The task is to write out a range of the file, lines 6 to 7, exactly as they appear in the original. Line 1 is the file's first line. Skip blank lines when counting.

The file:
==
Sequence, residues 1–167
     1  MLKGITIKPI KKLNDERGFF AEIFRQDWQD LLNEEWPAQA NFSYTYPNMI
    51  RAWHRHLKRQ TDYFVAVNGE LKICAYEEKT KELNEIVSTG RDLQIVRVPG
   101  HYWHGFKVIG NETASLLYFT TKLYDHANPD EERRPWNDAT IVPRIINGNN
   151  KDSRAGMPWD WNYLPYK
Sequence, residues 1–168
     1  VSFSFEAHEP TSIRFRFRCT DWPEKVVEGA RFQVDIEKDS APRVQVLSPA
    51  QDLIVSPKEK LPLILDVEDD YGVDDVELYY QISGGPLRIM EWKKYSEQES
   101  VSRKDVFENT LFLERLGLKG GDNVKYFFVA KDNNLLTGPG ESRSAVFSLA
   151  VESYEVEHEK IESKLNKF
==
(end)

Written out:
Sequence, residues 1–168
     1  VSFSFEAHEP TSIRFRFRCT DWPEKVVEGA RFQVDIEKDS APRVQVLSPA